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Jensen Interceptor

Published: 27th Apr 2011 - 2 Comments

Famous badge but lacks prestige? Famous badge but lacks prestige?
Elegant styling has stood the test of time well while the hatchback facility was ahead of its time. Elegant styling has stood the test of time well while the hatchback facility was ahead of its time.
Excellent cockpit well up to Aston and Jag levels and air con was fitted to many Excellent cockpit well up to Aston and Jag levels and air con was fitted to many
American engines meant lazy power. Overheating is a worry, and they are thirsty American engines meant lazy power. Overheating is a worry, and they are thirsty
Rear seats are really only suited for children but luggage capacity is pretty good Rear seats are really only suited for children but luggage capacity is pretty good
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What is a Jensen Interceptor?

It’s the supercar classic that can’t quite seem to catch on! Italian styled, powered by a muscular American V8 and one of the most technically advanced cars of all time, the superb Jensen Interceptor is the only genuine muscle motor that’s still an affordable dream – but how long can this absurd state of affairs continue? After all, they may be a fraction of the price but the Birmingham Ferraris are as good as any Aston or Jaguar.


Jensen, a specialist carmaker better known for making big Healeys and early Volvo P1800s, first screwed the Interceptor badge to a plumplooking drophead in 1949, but the name returned in 1966 as a much more sleek and svelte supercar. Based upon the rugged and respectable CV8 chassis, styled by Italian design house Touring (and subsequently tweaked by Vignale ) this Chrysler 6.3-litre V8 powered 2+2 was way ahead of its time. And it still looks the business today.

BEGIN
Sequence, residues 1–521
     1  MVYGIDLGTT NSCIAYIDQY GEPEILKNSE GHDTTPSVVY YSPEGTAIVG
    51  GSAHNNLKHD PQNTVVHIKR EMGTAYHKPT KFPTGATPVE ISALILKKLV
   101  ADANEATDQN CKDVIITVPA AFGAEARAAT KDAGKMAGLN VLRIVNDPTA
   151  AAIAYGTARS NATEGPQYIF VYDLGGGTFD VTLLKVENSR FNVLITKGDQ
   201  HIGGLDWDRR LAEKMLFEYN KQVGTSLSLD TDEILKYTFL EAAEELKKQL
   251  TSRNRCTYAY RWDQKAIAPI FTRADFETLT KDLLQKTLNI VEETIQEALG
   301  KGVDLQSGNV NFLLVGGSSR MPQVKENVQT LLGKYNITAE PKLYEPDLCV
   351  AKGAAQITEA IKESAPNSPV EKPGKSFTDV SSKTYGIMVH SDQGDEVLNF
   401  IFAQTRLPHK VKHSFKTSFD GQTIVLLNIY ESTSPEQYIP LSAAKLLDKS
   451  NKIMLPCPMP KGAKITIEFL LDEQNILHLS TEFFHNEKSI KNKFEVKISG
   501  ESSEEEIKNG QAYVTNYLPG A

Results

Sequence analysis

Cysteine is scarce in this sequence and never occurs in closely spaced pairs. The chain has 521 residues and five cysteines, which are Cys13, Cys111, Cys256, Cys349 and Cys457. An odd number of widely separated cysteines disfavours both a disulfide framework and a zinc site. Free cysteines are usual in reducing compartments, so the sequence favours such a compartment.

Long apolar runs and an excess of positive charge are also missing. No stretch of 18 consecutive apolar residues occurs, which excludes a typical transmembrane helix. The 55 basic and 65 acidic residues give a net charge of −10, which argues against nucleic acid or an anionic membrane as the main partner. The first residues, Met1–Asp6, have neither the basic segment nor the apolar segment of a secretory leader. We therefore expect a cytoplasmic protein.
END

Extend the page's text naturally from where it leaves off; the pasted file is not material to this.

Priced mid-way between the fantastically valued Jaguar E-Type 2+2 (£2427) and Aston’s pricey new DB6 (£5084), the rich and the famous (such as Eric Morcombe, Tony Curtis and golfer Tony Jacklin) who could cheerfully stump up the not inconsiderate £3743 asked, loved Interceptors while serious drivers craved the ground breaking FF versions, even at £5340, that became the blueprint for the modern motorcar we know and drive now. Co-developed by tractor maker Harry Ferguson who pioneered an ingenious four-wheel-drive system for road use, the FF (short for Ferguson Formula) beat the innovative Audi Quattro by 14 years while innovative features such as its Dunlop Maxaret anti-lock brakes are now taken for granted as part of a modern car’s makeup. Sadly what should have been a world-beating package was sullied by reliability problems - causing Jensen to ditch technology that was too advanced for its time. Essex expert Colin Holley reckons that the FF was a waste of time for Jensen, who should have concentrated its efforts into better developing the conventional car.